The Broken and the Whole

The Broken and the Whole

Erev Yom Kippur 5777 • 2016

By Rabbi Pamela Frydman

(This talk is also linked to the website of Congregation P’nai Tikvah.)

There was a young man who drove an old jalopy and one day he ran out of gas. The weather was cool and so he walked to the nearest gas station, which was about a quarter of a mile away. He lugged a heavy gas can back to his car and as he approached, he noticed that there was another old jalopy right up ahead and both cars looked exactly alike. He put down the gas can and took out his keys to unlock the car, because he wanted to be sure he knew which car was his. But just then his cell phone rang. He tucked his keys back in his pocket and answered the phone. When he finished the call, he tucked away his phone, flipped open the gas door, unscrewed the gas cap and poured the gas into the tank. Then he pulled out his keys and went to unlock the trunk so he could put away the gas can. But his key did not work and that is when he realized that he had just donated two gallons of gas to a complete stranger.[1]

The man walked over to the other car, tried the key, and it worked like a charm. Then he walked back to the gas station to refill the gas can. The gas station attendant chided the man, saying, “you know, when you run out of gas, you can just use the little bit of gas in the can to get your car going again, and then you can drive over here and fill up instead of walking back and forth. The young man was too embarrassed to explain his predicament, so he just smiled and shook his head.

I am interested in the phenomenon of forgetfulness, because sometimes I am forgetful. I am also interested in forgetfulness, because forgetfulness has two sides. Forgetting can lead us to perform a mitzvah like when the young man accidentally donated two gallons of gas to a stranger. And forgetting can also cause great harm such as when someone causes a serious accident by forgetting to take safety precautions.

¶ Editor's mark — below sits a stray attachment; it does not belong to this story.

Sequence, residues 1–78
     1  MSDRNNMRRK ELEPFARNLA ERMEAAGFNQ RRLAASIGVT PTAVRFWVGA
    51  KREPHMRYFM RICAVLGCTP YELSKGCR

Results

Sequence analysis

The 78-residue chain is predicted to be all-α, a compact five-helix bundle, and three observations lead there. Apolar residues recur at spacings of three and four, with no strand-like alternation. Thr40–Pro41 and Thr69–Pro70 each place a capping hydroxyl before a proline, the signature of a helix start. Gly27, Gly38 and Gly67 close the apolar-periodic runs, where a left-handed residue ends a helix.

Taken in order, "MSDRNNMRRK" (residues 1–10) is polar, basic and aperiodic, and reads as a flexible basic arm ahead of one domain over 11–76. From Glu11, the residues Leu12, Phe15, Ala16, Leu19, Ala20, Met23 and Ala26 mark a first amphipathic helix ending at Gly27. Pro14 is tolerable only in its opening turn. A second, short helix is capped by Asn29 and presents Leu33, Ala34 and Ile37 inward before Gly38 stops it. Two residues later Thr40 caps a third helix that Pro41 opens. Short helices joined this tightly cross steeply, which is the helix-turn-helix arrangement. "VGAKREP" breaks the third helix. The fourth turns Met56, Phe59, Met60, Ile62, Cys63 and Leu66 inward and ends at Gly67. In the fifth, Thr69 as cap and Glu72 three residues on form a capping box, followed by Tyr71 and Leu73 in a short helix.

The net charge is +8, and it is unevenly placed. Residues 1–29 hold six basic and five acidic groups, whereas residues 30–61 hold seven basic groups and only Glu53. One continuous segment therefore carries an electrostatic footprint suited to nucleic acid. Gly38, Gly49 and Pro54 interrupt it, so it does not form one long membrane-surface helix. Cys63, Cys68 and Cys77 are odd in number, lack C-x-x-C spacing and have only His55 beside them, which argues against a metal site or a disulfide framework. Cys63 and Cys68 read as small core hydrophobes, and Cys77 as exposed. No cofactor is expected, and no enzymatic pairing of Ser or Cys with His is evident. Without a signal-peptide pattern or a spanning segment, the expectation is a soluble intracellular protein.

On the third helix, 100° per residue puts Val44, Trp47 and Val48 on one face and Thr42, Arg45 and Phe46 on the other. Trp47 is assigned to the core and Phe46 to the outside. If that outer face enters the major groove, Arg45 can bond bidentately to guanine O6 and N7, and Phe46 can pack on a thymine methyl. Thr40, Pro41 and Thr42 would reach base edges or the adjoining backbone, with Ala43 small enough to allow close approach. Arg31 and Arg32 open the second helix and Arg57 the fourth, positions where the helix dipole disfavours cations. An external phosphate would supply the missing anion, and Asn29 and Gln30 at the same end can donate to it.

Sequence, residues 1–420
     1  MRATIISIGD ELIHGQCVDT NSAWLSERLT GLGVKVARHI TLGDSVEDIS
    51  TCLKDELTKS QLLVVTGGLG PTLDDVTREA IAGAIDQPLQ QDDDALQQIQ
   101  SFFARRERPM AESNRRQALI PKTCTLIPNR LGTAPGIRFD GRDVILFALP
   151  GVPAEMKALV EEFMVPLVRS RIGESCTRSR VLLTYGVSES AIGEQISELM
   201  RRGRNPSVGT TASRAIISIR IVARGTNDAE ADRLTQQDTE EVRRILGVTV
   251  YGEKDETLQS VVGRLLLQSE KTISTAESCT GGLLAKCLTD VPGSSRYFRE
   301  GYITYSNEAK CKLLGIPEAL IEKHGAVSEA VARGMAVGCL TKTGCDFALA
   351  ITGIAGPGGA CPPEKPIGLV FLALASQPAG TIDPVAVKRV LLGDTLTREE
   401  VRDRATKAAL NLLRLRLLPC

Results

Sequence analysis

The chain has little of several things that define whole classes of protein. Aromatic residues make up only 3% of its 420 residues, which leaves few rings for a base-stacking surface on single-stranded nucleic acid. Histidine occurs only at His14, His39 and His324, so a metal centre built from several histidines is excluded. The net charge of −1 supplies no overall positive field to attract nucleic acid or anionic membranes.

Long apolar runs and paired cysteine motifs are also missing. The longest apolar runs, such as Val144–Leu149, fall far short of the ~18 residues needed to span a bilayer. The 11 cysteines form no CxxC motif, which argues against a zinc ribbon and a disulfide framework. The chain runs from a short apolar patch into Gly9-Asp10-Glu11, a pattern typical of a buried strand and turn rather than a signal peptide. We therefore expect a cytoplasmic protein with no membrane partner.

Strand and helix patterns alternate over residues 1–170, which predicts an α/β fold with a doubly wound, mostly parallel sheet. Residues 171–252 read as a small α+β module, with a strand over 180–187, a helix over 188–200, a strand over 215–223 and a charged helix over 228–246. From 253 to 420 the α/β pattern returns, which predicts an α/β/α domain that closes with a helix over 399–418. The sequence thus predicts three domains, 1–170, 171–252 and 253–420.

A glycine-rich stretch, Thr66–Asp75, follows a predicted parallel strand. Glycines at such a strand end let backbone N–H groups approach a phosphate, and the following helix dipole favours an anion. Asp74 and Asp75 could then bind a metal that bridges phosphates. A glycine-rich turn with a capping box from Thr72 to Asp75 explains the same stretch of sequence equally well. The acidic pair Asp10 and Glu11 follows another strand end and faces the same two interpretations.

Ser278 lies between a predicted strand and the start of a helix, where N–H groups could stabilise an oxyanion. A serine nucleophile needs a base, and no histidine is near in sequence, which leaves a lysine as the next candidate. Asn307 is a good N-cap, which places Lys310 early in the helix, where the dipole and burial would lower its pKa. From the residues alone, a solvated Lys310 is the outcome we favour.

The sages of the Talmud were also interested in forgetfulness. In the Talmudic Tractate on Blessings, it says that we should be careful to respect our elders who have forgotten their knowledge, because the shattered stone tablets containing the Ten Commandments were kept in the ark in ancient times together with the second set of whole tablets.[2]

As we know, it says in the Torah that the Israelites received the Ten Commandments at Mount Sinai.[3] The Israelites were gathered at the foot of the mountain and they heard the commandments recited by the booming voice that we call G-o-d.

That booming voice frightened the Israelites, so they said to Moses, “from now on, you go talk to G-o-d and then come back and tell us what G-o-d had to say, but please don’t let G-o-d talk to us directly, because it is just too intense and we feel like we’re going to die.”[4]

Moses went up to the top of Mount Sinai and stayed there for forty days. And it was during those forty days that G-d gave Moses the two stone tablets on which were written the Ten Commandments.[5] At the end of the forty days, just before Moses was about to come down the mountain, the Israelites contracted a serious case of forgetfulness. They forgot that Moses was going to come back, and they also forgot that G-o-d had just told them in the Ten commandments that they should not make idols.[6]

The Israelites were so lost in their forgetfulness that they turned to Moses’ brother Aaron, and they said to Aaron, “make us a god to lead us!”[7] Aaron took up a collection of gold rings. He placed the gold in the fire and fashioned a golden calf. The Israelites pointed to the calf and said, “this is your god, oh Israel, who brought you out of the land of Egypt!”[8] And they held a celebration and worshipped the golden calf.

Moses came down from Mount Sinai, and when he saw the golden calf, he dropped the stone tablets and they shattered. A few weeks later, G-o-d said to Moses, “I made the first set of tablets, now you, Moses, you make the second set. Bring your stone tablets up on the mountain, spend another forty days with me, and I, G-o-d, will write the commandments on the second set of stone tablets.[9]